Calls for PNG to take Chinese vaccines to tackle outbreak
Two of Australia’s top infectious disease and immunology experts say Papua New Guinea should take up the offer of Chinese-made vaccines if they are safe, as Europe threatens to withhold vaccine deliveries and PNG teeters on the edge of a COVID-19 disaster.
China has made repeated overtures to Papua New Guinea in recent months, offering to send vaccines to the country to “support each other’s core interests”. China’s Foreign Ministry said it has supplied the Sinovac and Sinopharm vaccines to 69 countries including, Cambodia, Serbia and Indonesia.
Urging Australia and the West to put politics aside for the sake of global health, Sydney University professor Robert Booy and ANU professor Peter Collignon said PNG should take whatever vaccines it could secure.
Medical staff of Papua New Guinea’s Defense Force are being trained to deal with the nation’s COVID outbreak. Credit:WHO/Papua New Guinea
“The Chinese vaccines are becoming better understood and the information coming out suggests that they are safe and effective,” said Booy, the former head of clinical research at the National Centre for Immunisation.
“Provided the confirmation of their safety by the WHO, their use in south-east Asia and the Pacific seems reasonable to me.”
Said Collignon, a committee advisor to the World Health Organisation: “If China has a good vaccine that is quality assured, it is silly not to allow that vaccine to be rolled out”.
The intervention from the two Australian experts comes after PNG doctors reported the hospital system was at breaking point, with wards overwhelmed by patients and scores of healthcare workers infected with the virus. Miner Ok Tedi announced it was suspending its operations at its $1 billion mine on Thursday due to the outbreak to “protect its workforce, communities and operation”.
Australia’s former ambassador to PNG, Ian Kemish, said: “it’s like a dam has been breached”.
“Health facilities are close to being overwhelmed in Port Moresby, medical staff are being struck down and 50 per cent of one batch of PNG swabs tested in Brisbane last week were positive,” he said in comments first published by The Conversation on Thursday.
But the adjunct professor at the University of Queensland added that he still believed Australia was the only nation capable of aiding the distribution of vaccines to the broader population in Australia’s closest neighbour.
“I expect China’s approach would involve a narrower focus on the political elite,” he told The Sydney Morning Herald and The Age. “Historically, China has taken a narrow and opportunistic approach in PNG and has not put in the sustained effort required in a real partnership.”
Operations have bene suspended at PNG’s Ok Tedi copper and gold mine to protect the safety of its staff.
Booy said the World Health Organisation’s COVAX vaccine sharing program had limited ability to direct vaccines where they were needed.
“It is limited to waving its arms and pointing at agreements that countries have made and hoping that countries respect those agreements.”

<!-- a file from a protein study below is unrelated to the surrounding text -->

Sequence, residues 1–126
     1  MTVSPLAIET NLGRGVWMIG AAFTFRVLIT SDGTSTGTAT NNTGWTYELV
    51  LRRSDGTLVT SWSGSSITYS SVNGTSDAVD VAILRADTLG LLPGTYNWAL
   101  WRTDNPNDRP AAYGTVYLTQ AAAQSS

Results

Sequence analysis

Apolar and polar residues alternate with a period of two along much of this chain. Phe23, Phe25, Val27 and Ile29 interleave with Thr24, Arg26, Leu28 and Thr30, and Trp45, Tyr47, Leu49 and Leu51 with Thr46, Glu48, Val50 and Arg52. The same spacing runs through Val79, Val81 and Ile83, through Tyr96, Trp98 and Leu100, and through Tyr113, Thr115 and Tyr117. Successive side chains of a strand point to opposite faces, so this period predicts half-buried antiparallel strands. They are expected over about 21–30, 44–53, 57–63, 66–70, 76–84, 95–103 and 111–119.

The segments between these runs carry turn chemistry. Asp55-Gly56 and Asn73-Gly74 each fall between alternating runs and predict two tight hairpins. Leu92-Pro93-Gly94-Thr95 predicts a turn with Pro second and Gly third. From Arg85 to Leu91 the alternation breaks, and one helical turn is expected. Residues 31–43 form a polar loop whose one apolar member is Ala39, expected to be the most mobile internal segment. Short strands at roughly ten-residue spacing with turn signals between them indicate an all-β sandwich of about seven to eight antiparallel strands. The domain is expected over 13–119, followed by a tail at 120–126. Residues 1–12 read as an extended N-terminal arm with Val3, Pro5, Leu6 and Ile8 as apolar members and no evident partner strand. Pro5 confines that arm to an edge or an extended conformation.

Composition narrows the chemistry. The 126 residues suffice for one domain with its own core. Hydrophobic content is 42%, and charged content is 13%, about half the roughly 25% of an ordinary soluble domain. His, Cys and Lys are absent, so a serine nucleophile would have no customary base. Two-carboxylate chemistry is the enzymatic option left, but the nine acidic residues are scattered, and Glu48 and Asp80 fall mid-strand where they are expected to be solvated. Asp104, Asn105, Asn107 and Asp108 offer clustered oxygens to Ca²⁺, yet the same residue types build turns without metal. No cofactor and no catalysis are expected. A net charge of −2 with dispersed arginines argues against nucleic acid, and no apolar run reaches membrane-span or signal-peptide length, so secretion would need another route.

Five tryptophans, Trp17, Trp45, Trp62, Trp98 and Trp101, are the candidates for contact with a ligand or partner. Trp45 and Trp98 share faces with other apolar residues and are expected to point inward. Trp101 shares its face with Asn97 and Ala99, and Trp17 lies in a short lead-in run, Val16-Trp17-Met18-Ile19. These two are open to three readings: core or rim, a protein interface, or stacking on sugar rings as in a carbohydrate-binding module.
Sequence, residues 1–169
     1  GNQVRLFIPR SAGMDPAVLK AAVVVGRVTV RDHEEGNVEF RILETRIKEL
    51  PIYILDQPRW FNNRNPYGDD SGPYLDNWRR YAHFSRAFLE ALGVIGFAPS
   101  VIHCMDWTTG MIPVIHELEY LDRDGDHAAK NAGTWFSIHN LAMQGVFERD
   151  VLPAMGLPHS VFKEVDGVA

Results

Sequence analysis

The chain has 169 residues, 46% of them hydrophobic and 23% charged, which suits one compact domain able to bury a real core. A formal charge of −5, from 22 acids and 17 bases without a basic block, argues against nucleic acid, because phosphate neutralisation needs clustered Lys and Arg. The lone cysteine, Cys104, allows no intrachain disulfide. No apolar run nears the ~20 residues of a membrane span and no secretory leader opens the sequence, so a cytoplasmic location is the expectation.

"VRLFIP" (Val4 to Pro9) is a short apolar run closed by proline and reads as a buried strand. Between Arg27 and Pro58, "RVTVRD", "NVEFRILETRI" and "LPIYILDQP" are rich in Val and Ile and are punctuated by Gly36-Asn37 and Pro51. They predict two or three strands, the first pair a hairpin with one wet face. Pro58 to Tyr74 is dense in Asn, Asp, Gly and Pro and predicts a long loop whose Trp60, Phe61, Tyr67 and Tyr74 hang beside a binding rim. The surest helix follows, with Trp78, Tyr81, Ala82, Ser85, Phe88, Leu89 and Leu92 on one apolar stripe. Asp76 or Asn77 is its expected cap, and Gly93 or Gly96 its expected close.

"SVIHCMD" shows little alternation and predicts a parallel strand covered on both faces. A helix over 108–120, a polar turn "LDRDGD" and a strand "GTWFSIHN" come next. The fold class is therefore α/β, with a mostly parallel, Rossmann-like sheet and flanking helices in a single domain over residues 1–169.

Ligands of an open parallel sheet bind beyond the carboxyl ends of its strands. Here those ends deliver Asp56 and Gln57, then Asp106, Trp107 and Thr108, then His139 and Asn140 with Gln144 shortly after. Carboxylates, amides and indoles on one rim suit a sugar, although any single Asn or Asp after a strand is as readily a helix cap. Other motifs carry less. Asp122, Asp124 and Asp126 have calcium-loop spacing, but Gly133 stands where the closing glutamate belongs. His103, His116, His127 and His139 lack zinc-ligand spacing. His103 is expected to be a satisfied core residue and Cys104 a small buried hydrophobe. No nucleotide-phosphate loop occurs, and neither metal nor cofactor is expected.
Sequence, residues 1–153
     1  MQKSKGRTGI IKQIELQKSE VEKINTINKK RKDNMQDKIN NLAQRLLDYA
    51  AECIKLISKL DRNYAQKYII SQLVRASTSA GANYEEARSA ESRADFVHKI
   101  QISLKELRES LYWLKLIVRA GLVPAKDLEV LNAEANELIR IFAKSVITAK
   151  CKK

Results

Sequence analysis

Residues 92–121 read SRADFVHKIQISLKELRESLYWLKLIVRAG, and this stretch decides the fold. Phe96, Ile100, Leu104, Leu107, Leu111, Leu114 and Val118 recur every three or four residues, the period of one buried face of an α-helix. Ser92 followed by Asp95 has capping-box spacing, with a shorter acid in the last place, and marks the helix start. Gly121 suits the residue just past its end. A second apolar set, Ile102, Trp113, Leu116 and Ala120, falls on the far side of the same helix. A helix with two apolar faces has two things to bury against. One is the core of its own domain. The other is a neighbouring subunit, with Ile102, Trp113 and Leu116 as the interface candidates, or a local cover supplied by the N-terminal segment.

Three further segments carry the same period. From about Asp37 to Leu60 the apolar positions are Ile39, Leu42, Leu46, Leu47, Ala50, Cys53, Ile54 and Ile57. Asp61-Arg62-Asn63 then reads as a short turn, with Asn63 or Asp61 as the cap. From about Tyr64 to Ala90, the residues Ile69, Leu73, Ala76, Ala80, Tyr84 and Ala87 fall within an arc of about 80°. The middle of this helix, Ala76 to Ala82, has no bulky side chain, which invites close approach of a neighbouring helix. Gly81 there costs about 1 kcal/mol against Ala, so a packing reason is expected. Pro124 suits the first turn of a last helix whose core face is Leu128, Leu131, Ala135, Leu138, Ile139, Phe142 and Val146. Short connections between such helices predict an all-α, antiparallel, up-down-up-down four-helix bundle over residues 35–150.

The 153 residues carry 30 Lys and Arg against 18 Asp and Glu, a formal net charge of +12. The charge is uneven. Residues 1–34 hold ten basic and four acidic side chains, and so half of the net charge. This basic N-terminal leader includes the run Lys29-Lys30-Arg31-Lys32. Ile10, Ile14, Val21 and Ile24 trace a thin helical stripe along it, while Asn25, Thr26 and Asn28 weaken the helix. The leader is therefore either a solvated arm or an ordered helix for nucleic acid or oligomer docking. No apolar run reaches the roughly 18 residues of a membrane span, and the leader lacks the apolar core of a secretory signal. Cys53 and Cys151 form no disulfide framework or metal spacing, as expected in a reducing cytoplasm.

COVAX, which is expected to start delivering vaccine doses to PNG by May, was contacted for comment.
Booy said the ongoing outbreak in PNG posed a threat to Australia’s own coronavirus containment efforts.
“There is free traffic and trade across northern Australia and it is not very easily controlled,” he said.
The global COVID vaccine rollout has been plagued by geopolitical tensions between China and Europe and the US, doubts about the efficacy of both the Chinese vaccines and British-designed AstraZeneca and now claims of vaccine protectionism in Europe.
Australia called on Wednesday for 1 million doses it has ordered of the European-made AstraZeneca to be redirected to PNG. The delivery would be on top of 8000 locally produced doses being rushed to Port Moresby and a longer-term one-billion dose commitment by the Quad alliance with the US, Japan and India to deliver vaccines to Asia and the Pacific.
European Commission President Ursula von der Leyen on Wednesday threatened to take over AstraZeneca’s factories, fuelling doubts that the 1 million doses could be available to reach PNG in time. The continent is still battling waves of infection and European leaders have accused the company of only delivering a third of its production targets.
“We are in the crisis of the century,” said von der Leyen. “I’m not ruling out anything for now because we have to make sure that Europeans are vaccinated as soon as possible.”
Prime Minister Scott Morrison, Health Minister Greg Hunt, and Foreign Minister Marise Payne wrote to their European counterparts on Wednesday. Hunt said on Thursday he had also spoken with the global head of AstraZeneca.
“[We] have all written requesting that given that this is a humanitarian disaster, potentially, related to COVID in a developing nation, that deep humanity should see these vaccines released,” said Hunt. “We are willing to forgo those million from Australia, in order to assign them to PNG.”
Over the past week, Chinese state media has been peppered with images of world leaders being inoculated as it ramps up its vaccine diplomacy drive across South America, Africa and south-east Asia. Pakistan President Arif Alvi was the latest to receive the Sinopharm jab on Wednesday.
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